The router can be used to remotely monitor and service plants, machines, as well as control elements and other industrial devices via a public 5G network ─ flexibly and with high data rates. Something that has been in incredibly high demand after being teased by the leading network providers for years.
Scalance MUM856-1 at a Glance
- Scalance MUM856-1 connects local industrial applications to public 5G, 4G, and 3G mobile wireless networks
- The router supports future-oriented applications such as remote access via public 5G networks or the connection of mobile devices such as automated guided vehicles in industry
- A robust version in IP65 housing for use outside the control cabinet
- Prototypes of Siemens 5G infrastructure for private networks already in use at several sites
“To ensure the powerful connection of Ethernet-based subnetworks and automation devices, the Scalance MUM856-1 supports Release 15 of the 5G standard. The device offers high bandwidths of up to 1000 Mbps for the downlink and up to 500 Mbps for the uplink – providing high data rates for data-intensive applications such as the remote implementation of firmware updates. Thanks to IPv6 support, the devices can also be implemented in modern communication networks.
Various security functions are included to monitor data traffic and protect against unauthorised access: for example, an integrated firewall and authentication of communication devices and encryption of data transmission via VPN. If there is no available 5G network, the device switches automatically to 4G or 3G networks. The first release version of the router has an EU radio license; other versions with different licenses are in preparation. With the Sinema Remote Connect management platform for VPN connections, users can access remote plants or machines easily and securely – even if they are integrated in other networks. The software also offers easy management and autoconfiguration of the devices,” Siemens said.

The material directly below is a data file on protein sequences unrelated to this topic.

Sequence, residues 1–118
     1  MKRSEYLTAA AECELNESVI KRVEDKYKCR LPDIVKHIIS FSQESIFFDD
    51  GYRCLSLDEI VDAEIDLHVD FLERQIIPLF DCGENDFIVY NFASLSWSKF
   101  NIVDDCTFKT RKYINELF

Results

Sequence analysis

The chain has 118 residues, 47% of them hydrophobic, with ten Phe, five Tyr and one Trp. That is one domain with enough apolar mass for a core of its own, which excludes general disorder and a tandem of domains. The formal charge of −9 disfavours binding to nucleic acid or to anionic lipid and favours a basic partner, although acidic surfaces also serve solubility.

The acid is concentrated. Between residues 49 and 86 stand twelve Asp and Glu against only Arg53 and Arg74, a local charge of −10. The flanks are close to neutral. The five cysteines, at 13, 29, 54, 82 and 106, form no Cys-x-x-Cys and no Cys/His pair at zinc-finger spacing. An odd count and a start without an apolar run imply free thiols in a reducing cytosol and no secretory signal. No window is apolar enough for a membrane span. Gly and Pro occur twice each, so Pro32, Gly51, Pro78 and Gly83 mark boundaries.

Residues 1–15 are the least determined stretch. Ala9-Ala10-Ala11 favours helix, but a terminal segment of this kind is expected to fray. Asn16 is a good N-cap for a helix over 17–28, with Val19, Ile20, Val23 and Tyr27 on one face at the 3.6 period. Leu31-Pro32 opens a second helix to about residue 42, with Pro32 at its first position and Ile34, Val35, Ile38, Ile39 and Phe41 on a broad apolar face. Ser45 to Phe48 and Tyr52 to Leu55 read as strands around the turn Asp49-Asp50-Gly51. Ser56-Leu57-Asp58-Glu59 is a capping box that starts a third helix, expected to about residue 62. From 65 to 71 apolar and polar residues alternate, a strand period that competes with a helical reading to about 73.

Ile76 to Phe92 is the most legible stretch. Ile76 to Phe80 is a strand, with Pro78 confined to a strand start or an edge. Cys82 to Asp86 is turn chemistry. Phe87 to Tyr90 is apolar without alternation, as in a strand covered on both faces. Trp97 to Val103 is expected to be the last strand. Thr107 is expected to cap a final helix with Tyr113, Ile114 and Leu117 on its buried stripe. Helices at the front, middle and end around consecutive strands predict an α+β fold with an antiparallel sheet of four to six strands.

Preparing for a 5G-oriented Future
Siemens has announced that the new router can also be integrated into private 5G networks. This means that the Scalance MUM856-1 is, essentially, future-proofed when it comes to 5G adaptability; it supports future-oriented applications, including ‘mobile robots in manufacturing, autonomous vehicles in logistics or augmented reality applications for service technicians.’
And, for use on sites where conditions are a little harsher, Siemens has given the router robust IP65 housing ─ it’s “dust tight”, waterproof, and immersion-proofed.
The first release version of the router has an EU radio license; other versions with different licenses are in preparation. “With the Sinema Remote Connect management platform for VPN connections, users can access remote plants or machines easily and securely – even if they are integrated in other networks. The software also offers easy management and auto-configuration of the devices,” Siemens added.